The 550F(17) comes equipped with an altitude compensating fuel pump.  When this was pointed out to me in my initial conversation with the engine sales guy I simply went along with him, faking like I knew what he was talking about, ashamed of my ignorance.  When I finally got around to asking someone about it they said, "Oh yeah, that's the auto lean feature of the 550."  I had no idea at all what that was about.  There is nothing about it in the Bellanca AFM, nor was Continental engine handbook very helpful.  All it says is, "These engines are equipped with altitude compensating fuel pumps which automatically provide the proper full rich mixture for any given altitude."  So after asking alot of questions here is what I learned: the altitude compensating fuel pump in my plane is a device that changes the mixture for you. Duh.

     To understand how it works you need a few examples.  First example, you take off with the mixture full forward and climb to ten thousand without touching a thing.  The altitude compensating fuel pump will lean the mixture as you climb, keeping you consistently rich as you go.  The mixture knob doesn't slide out by itself or anything, but the pump is (at least in theory) leaning the mixture to a consistent number of degrees rich of peak as you climb.  Example two:  You depart IFR and are cleared to 2000 expect 5000 in ten minutes.  So you climb to 2000 with the mixture knob all the way in.  At 2000 you decide to set up for 70% power and lean to 50 degrees rich of peak and spin out the mixture knob to accomplish that.  Shortly thereafter you are cleared to 5000, you maintain your 70% power setting by advancing the throttle as you go to keep the manifold pressure the same.  When you level out at 5000 you are still 50 degrees rich of peak.  Example three:  You are cruising along at 5000 at 70% power and 50 degrees rich of peak and are told to descend to 4000.  You maintain your 70% power setting as you descent by backing out the throttle.  When you level out at 4000 you are still 50 degrees rich of peak.

    So how, you ask, does this thing work?  To get that you need to understand the wave.  The wave is the leaning schedule the mechanical brain of the fuel pump follows as you climb.  As you can see from the picture below as you climb the fuel pressure changes.  This graph shows how the gallons per hour changes as you climb.  While Continental and Bellanca didn't say diddly about this in the operational info there is a forty page Service Bulletin from Continental on how to set up the fuel system so your fuel consumption falls between the two lines of the wave.  SB--  is some of the worst reading I have ever done, but I thought it was crucial to understand what its all about because I'd heard a number of scarey stories about the 550.  The worst was a guy with a Beech Barron who had a pair of them installed for some astronomical price.  He said emphatically the 550 was a pice of crap.  He'd had a terrible time with CHTs and the cylinders lost compression in 250 hours.  What I subsequently learned in conversation with the customer service guys at Continental is that many operators over the years have just swapped 550s for their old 520s and neglected to do the fuel pump set up procedure described in the Service Bulletin, assuming it was adjusted correctly at the factory.  If you fail to set up the pump properly for your individual installation the system may lean too much and you can cook your new $35,000 engine in a few hundred hours.


The set up procedure involves ground adjustments using a special calibrated fuel flow box, which Tom Witmer has, and a test flight to 14,000 feet checking fuel consumption along the way to make sure the pump is doing what its supposed to do.  The graph you see above is the result of our first test flight.  You can see my engine came from the factory out of spec.  Too rich at low altitudes and and too lean at high altitudes.  Service bulletin ____describes the procedure which gets this back into shape.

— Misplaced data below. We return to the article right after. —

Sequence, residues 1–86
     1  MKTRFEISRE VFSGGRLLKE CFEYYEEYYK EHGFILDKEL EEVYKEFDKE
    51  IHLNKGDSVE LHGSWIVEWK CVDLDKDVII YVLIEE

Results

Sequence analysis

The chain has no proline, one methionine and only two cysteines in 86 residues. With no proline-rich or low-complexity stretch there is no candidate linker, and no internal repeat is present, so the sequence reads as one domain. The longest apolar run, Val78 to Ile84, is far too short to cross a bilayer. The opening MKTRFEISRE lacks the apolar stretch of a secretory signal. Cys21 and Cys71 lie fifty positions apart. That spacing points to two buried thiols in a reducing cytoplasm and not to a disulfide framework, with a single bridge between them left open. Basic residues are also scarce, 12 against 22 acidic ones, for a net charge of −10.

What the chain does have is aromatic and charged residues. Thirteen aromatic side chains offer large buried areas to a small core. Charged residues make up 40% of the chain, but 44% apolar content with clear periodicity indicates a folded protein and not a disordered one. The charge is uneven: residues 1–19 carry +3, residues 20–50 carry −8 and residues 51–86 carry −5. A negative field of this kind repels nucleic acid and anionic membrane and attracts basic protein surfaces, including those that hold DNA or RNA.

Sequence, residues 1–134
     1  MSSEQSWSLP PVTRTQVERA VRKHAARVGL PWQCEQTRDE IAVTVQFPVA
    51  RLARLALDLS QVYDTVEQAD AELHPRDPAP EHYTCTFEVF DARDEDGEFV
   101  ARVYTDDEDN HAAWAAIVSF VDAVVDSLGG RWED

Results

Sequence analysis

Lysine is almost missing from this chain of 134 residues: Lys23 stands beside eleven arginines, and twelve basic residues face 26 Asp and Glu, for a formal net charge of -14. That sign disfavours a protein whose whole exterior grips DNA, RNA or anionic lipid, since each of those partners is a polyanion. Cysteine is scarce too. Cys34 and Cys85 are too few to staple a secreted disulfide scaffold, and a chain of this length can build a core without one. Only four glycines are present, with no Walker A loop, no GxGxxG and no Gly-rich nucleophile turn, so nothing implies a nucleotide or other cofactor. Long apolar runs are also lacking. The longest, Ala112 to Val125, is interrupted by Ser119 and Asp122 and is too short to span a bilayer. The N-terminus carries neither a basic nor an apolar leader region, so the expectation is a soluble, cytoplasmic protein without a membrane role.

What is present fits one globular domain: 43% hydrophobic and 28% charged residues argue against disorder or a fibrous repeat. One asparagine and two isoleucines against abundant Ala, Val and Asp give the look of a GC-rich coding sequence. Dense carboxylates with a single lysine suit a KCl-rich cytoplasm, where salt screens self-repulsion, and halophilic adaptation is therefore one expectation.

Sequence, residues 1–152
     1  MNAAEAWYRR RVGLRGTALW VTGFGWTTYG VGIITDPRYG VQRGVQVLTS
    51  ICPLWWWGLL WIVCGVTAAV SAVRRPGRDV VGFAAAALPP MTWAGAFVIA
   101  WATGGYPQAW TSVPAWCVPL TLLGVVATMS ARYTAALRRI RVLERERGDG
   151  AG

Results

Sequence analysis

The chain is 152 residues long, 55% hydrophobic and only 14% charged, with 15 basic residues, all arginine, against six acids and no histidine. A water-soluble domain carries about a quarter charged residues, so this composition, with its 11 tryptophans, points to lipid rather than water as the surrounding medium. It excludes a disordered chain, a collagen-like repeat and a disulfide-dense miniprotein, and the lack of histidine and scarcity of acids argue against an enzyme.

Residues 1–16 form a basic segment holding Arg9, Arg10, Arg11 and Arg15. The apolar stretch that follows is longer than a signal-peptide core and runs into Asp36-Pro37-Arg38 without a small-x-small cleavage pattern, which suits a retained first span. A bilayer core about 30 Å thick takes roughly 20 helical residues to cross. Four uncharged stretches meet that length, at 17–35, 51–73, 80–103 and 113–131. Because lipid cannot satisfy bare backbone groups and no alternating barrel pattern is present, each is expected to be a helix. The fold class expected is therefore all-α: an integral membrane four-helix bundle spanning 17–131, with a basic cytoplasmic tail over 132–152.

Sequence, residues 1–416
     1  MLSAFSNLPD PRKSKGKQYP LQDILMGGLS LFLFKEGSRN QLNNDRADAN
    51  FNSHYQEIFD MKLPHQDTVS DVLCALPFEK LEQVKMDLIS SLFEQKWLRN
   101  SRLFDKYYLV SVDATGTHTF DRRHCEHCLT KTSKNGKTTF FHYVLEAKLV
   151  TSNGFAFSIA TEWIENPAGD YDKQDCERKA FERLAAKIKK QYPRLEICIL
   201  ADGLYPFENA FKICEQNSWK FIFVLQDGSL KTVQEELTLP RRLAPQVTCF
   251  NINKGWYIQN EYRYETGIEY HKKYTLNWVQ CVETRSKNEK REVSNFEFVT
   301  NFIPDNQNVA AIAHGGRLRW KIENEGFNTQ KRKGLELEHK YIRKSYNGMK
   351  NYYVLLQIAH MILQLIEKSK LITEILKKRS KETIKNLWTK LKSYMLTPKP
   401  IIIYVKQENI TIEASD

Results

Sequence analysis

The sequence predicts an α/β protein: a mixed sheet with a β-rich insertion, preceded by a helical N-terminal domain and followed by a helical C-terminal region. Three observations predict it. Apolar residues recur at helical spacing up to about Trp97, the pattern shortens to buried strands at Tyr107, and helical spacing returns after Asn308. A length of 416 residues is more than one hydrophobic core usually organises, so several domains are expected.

The service bulletin is pretty emphatic that they want you flowing 24.6 GPH on take off at sea level on a standard day. That sounds easy enough-- just turn the screws until that's what you get, right?  Well not so fast.  I had my manifold pressure/fuel flow gauge re-silk screened and recalibrated as part of the this project.  There are some different colored arcs associated with 550 operations which had to be put on the face.  But when it came back I expected it would more or less agree with the very accurate fuel flow information on my EDM 700.  Wrong.  The freshly rebuilt gauge disagreed with the EDM by about 2 gallons per hour.  That's nearly a 15% error at typical cruise power settings.  My inclination was to believe the EDM, mostly because it just looks like it ought to be more accurate, it's digital and it reads out in tenths of a gallon.  Tom Witmer's view was that because the plane was certified with the steam gauge we had to go by that, despite the fact that it reads out in, at best, single digit increments.  The problem is that two gallons one way or the other is easily enough to put you outside the acceptable band shown on the wave chart.  Tom was anxious enough about this that he sent the gauge back to the overhauler to be checked and got their calibration sheet.  The gauge checked out perfect.  So who should we believe for the purpose of setting up the fuel flows, the ship's gauge or the EDM?   Tom and I basically agreed to split the difference.  As you can see from the chart below the ship's gauge tracks the upper limit and the EDM tracks the lower limit. Which one is right?  I don't really know.

     You might say, heck, who cares?  Well, Continental does.  Setting up the fuel system according to the Service Bulletin is one of the things you have to do to get their extended warranty.  The last thing I want is to make a warranty claim and have Continental thumb their nose at me because I didn't jump through all the right hoops.


   It became evident to me early on that the folks in Alexandria haven't focused much energy on the 550 conversion for the existing fleet.  There is no kit for sale where all of the necessary parts are gathered and the whole thing is tied together as a package.  They were perfectly happy to sell all the individual parts, but at the consumer end there was lots of head scratching and phone calling to try to figure things out.  This was particularly evident in the case of the Aircraft Flight Manual (AFM).  Alexandria sent the updated flight manual, but there were no power tables showing how to run the engine.  After a couple of months I was finally able to get a set of 550 Viking power tables from an owner with a 2000 Viking with the factory 550.  The first thing I learned was that I'd been running the plane all wrong.  For want of any better idea I'd been using the same power settings as I had on my old 520.  Turns out the 550 has about two extra inches of manifold pressure.  24"/2400 was 75% power on my old 520, with the 550 I get 75% at 22"/2400.  Glad I figured that one out.